HCOMP Workshop on
Mathematical Foundations of Human Computation

General Information

  • Location: Austin, TX, USA (held at HCOMP 2016)
  • Workshop date: November 3, 2016
  • Submission deadline: August 1, 2016
  • Notification of acceptance: on or around August 26, 2016

The call for papers (plain text) is available here.


There is great untapped potential for foundational mathematical research to influence and shape the future of human computation. Indeed there is already a small literature on the use of mathematical models to analyze and design human computation systems including crowdsourcing markets, prediction markets, and user-generated content sites. However, we are far from having a full systematic understanding of the possibilities and limitations of human computation.

This workshop will bring together researchers across disciplines to discuss the future of research on the mathematical foundations of human computation, with particular emphasis on the ways in which theorists can learn from the existing empirical literature on human computation and the ways in which applied and empirical work on human computation can benefit from mathematical foundations.

Topics of Interests

Questions of interest include but are not limited to:
  • Can we rigorously model what a human can compute? Can we quantify the computational power of a crowd? How?
  • What are useful mathematical models and complexity measures for human computation?
  • Is it possible to model user behavior accurately enough to yield formal guarantees about the performance of crowdsourcing systems that are useful in practice? Are there systematic deviations from standard theories in online users' behavior?
  • How can we design humanly-usable algorithms and protocols?
  • Does the computational power of a crowd scale nonlinearly? In other words, is the power of a crowd more than the sum of its constituent humans?
  • What are the core technical challenges faced when designing human computation mechanisms?
  • What is the best way to solve a problem with a crowd? How should tasks be divided up and assigned among individuals? For example, should the crowd be organized as a hierarchy or should every individual have equal influence?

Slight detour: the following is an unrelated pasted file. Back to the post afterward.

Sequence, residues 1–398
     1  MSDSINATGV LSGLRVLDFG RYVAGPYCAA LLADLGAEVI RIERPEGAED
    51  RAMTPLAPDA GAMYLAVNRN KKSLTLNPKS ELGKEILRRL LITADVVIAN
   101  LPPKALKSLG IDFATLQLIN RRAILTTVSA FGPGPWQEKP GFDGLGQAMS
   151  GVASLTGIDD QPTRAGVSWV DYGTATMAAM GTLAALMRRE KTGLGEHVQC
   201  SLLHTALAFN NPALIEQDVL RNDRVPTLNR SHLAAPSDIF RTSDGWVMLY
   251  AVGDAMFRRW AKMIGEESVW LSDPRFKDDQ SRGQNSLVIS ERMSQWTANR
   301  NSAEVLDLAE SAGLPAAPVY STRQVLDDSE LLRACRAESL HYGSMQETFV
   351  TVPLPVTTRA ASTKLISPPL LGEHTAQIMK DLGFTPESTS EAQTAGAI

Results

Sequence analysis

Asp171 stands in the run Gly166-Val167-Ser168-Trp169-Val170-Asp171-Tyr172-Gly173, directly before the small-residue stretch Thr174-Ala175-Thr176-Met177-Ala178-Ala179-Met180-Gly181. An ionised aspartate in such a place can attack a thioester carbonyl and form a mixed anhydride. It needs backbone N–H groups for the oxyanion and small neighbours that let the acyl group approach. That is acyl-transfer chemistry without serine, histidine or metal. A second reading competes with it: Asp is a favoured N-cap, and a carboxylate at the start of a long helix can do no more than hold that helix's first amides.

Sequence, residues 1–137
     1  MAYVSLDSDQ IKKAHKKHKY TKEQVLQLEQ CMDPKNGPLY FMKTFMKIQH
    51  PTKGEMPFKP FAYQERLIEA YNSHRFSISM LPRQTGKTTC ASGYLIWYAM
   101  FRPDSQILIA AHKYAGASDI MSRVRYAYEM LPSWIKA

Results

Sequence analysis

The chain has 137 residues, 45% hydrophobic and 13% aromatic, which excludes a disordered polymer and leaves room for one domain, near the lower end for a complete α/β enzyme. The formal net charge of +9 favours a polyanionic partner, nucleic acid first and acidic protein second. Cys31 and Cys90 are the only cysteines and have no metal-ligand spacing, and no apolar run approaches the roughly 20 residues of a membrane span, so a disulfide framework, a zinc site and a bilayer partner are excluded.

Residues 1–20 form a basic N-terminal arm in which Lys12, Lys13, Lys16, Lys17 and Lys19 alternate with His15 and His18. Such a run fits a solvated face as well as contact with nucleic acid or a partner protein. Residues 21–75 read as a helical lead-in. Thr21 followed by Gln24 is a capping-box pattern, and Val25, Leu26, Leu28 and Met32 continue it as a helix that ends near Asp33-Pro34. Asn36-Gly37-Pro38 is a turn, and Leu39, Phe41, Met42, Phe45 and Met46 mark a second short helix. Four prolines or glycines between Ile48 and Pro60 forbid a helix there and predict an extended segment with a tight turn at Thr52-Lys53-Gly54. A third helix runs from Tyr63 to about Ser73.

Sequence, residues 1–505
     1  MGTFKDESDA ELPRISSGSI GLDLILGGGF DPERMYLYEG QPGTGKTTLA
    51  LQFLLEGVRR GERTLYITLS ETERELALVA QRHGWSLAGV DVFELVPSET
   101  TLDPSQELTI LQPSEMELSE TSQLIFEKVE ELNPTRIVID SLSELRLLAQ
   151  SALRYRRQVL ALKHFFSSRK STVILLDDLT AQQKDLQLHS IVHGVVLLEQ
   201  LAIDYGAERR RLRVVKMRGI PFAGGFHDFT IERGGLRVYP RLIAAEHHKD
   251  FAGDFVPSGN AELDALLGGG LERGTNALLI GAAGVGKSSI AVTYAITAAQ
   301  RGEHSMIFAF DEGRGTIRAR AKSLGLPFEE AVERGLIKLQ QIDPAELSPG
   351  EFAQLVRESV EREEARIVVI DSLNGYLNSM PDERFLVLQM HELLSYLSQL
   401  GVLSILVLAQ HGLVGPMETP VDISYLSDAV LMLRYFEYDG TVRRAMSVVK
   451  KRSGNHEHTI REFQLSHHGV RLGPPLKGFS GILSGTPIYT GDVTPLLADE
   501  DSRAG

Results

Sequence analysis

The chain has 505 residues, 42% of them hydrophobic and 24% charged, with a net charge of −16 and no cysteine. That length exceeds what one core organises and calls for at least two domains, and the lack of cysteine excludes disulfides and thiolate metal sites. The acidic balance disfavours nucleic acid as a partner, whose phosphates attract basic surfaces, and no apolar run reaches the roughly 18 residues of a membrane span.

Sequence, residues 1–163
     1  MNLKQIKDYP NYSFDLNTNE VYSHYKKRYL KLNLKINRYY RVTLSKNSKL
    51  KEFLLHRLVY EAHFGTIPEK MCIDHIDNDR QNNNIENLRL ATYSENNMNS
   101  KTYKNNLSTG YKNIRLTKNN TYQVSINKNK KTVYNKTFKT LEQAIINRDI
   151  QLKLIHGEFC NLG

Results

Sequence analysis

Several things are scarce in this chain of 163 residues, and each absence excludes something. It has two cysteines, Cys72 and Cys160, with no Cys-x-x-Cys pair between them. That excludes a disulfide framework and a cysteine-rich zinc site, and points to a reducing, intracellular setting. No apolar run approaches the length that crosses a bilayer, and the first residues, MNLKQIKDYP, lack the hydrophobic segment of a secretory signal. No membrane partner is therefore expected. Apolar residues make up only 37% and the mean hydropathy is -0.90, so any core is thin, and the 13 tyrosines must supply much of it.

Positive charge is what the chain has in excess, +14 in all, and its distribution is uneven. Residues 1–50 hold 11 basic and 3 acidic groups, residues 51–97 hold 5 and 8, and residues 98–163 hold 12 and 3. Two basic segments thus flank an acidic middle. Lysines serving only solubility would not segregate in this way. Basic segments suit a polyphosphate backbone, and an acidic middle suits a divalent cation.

Paper Submission

We solicit contributed papers of two types:

(1) Research papers report the results of new, recent, or ongoing research.

(2) Position papers describe the authors' vision of how the mathematical foundations of human computation should evolve as a field.

Papers may be up to three pages long with an optional fourth page containing references only. Please use any single column format and a font size of at least 11 pt. Accepted papers will be made available on the workshop website. However, the workshop will have no archival proceedings, meaning contributors are free to publish their results subsequently in archival journals or conferences. We also welcome submissions of work that has recently (within the last year) been published in other conferences. Simultaneous submission to HCOMP is not allowed. Papers should be submitted via EasyChair and do not need to be anonymized.

Submission site: EasyChair
Deadline for submissions: Monday, August 1, 2016
Notification of acceptance: on or around Friday, August 26, 2016

Invited Speakers

Emery Berger, University of Massachusetts Amherst
Manuel Blum, Carnegie Mellon University
Adam Tauman Kalai, Microsoft Research
Jaime Teevan, Microsoft Research

Schedule (Tentative)

09:00am - 09:30am: Opening Talk (Jenn Wortman Vaughan)
  • Mathematical Foundations of Human Computation (Slides)
09:30am - 10:15am: Invited Talk (Emery Berger, University of Massachusetts Amherst)
  • Programming with People (Slides)
10:15am - 10:30am: Discussion
10:30am - 11:00am: Coffee Break
11:00am - 11:30pm: Contributed talks
11:30am - 12:15pm: Invited Talk (Manuel Blum, Carnegie Mellon University)
  • An Automata-Theoretic Model for Human Computation with Applications to Password Generation (Slides)
  • Abstract +
12:15pm - 12:30pm: Discussion
12:30pm - 02:00pm: Lunch Break
02:00pm - 02:30pm: Contributed Talks
02:30pm - 03:15pm: Invited Talk (Adam Tauman Kalai, Microsoft Research)
  • Meta-Unsupervised-Learning: A Model of Unsupervised Learning Applicable to Humans and Computers (Slides)
  • Abstract +
03:15pm - 03:30pm: Discussion
03:30pm - 04:00pm: Coffee Break
04:00pm - 04:45pm: Invited Talk (Jaime Teevan, Microsoft Research)
  • Microproductivity: Getting Big Things Done with Little Microtasks (Slides)
  • Abstract +
04:45pm - 05:30pm: Open Problem Session and Discussion

Organizing Committee

Shuchi Chawla, University of Wisconsin - Madison
Chien-Ju Ho, Cornell University
Michael Kearns, University of Pennsylvania
Jenn Wortman Vaughan, Microsoft Research
Santosh Vempala, Georgia Tech

Related Workshop

A related visioning workshop on Theoretical Foundations for Social Computing was held in June 2015. This white paper explores the state of the field.